1. It’s Tuesday, September 26, 2017.
2. It’s the 140th birthday of Edmund Gwenn, best known for his portrayal of Kris Kringle in the 1947 film “Miracle on 34th Street.”
To commemorate, somebody should stand at the Macy’s in Herald Square and direct people to Bloomingdale’s. Unfortunately, you can’t send them to Gimbels – it’s long gone.
3. Trump said today he’s going to Puerto Rico next week.
I’m sure the folks there will be thrilled to see him – so long as he brings some bottles of water and other forms of help.
The problem is that the storm hit the island six days ago. Six days in which the federal government, led by Trump, seems to have sat around waiting for some guidance.
That guidance came over the weekend from, among others, Hillary Clinton. She suggests sending the military to help – it’s really good at that.
What Trump could have been doing the past few days, if he was any kind of a leader, is muster support among the American people for the folks suffering in Puerto Rico. His five predecessors directed some of their fundraising efforts toward that.
Instead, he has tweeted more than 20 times about NFL players’ actions in bringing police conduct and racial inequality to national attention. Calling them sons of bitches and saying they should be fired.
He has trashed John McCain for taking a principled stand not to deprive millions of Americans of health care.
And he decided that Puerto Rico’s debt crisis had something to do with why a hurricane hit it.
I think we’re all so desperate to help the people of Puerto Rico that even this belated stuff is better than the neglect so far.
4. If you’ve been watching Ken Burns and Lynn Novick’s outstanding “The Vietnam War” on PBS, you know we’re up to the Nixon years.
They echo nearly a half-century later.
The war divided the country. Support for it evaporated as people began to realize what this documentary makes absolutely clear – the war was a huge mistake, compounded by the deceit of American leaders of both parties.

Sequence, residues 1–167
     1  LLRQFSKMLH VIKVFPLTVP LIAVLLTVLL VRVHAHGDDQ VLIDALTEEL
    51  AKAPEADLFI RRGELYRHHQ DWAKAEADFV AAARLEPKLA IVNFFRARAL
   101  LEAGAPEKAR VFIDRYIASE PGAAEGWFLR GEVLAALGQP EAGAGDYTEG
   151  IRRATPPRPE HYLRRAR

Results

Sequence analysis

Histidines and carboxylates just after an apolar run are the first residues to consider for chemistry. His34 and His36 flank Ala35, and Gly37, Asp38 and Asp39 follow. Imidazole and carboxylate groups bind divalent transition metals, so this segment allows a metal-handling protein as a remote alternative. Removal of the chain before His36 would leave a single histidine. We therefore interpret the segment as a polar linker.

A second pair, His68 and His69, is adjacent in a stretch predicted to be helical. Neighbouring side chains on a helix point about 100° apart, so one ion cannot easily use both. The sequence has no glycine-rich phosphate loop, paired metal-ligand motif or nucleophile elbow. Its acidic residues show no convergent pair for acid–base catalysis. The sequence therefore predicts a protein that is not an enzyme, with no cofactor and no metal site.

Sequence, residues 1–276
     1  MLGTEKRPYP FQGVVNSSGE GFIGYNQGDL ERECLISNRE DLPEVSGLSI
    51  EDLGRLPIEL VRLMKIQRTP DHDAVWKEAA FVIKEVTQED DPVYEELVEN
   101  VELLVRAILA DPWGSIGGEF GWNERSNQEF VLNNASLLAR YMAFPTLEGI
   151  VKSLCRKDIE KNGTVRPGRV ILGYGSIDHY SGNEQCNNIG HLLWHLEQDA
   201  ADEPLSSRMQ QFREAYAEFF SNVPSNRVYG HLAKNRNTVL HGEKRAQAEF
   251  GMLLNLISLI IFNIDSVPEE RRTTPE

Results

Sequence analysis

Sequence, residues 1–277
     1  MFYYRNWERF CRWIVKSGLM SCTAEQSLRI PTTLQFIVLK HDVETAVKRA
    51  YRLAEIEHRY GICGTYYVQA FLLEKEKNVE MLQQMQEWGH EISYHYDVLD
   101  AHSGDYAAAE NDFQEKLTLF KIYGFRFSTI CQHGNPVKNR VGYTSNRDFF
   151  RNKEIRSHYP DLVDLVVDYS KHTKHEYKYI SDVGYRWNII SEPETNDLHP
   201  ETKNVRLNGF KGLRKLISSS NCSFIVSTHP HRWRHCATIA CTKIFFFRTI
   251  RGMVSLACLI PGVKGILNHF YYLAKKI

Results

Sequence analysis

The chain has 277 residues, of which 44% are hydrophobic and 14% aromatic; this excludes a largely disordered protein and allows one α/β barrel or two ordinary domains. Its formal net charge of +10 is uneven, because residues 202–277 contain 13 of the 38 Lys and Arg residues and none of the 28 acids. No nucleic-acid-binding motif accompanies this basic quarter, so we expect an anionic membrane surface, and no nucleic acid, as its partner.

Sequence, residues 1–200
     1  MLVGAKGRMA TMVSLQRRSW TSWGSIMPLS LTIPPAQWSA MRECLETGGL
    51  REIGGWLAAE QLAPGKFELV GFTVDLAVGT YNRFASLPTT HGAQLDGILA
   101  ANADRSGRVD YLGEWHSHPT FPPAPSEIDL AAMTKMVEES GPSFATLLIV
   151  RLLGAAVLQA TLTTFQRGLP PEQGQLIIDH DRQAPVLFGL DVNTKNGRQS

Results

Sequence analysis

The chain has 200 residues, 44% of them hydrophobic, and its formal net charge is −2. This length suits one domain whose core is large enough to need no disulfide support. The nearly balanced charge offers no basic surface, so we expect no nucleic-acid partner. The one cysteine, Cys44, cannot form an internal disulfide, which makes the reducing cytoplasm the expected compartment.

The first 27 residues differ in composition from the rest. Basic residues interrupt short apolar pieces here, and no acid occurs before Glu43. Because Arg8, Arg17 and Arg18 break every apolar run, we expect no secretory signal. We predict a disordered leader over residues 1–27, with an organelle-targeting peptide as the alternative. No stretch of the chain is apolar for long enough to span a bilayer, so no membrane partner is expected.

Johnson knew victory wasn’t at hand when he was saying it was. Nixon sabotaged peace talks in an effort to ensure his election.
And Nixon played the people who maintained their faith in the country, turning them against those who questioned the war and the conduct of the government.
If you remember the proliferation of “Love It or Leave It” stickers on Fords and Chevys in the early ‘70s, you can see where Trump and his ilk are going with this crap about the NFL players.
It will work for the Trump faithful. They still think Hillary Clinton committed a crime somehow. They still think Trump knows how to run a business.
It won’t work for too many other people.
For one thing, protesters learned something. It’s one thing to protest violence, racial injustice and unending wars. It’s another to disrespect the country.
The NFL and other athletes have wisely chosen to express their total belief in the promise of this country. They have wisely expressed their admiration for the men and women who wear the uniforms of the armed forces, and the job they do serving the nation.
They’re also not condemning the idea of police. They’re just saying that a lot of the people who wear the uniform are not a credit to themselves or their communities.
Hopefully, we’re going to avoid the kind of divide that crippled our country through the 1970s and beyond.
Although not if Trump can help it. You get the sense he’d love to channel his inner Nixon as a way to keep power.
Even Nixon loved the country. Trump loves Trump.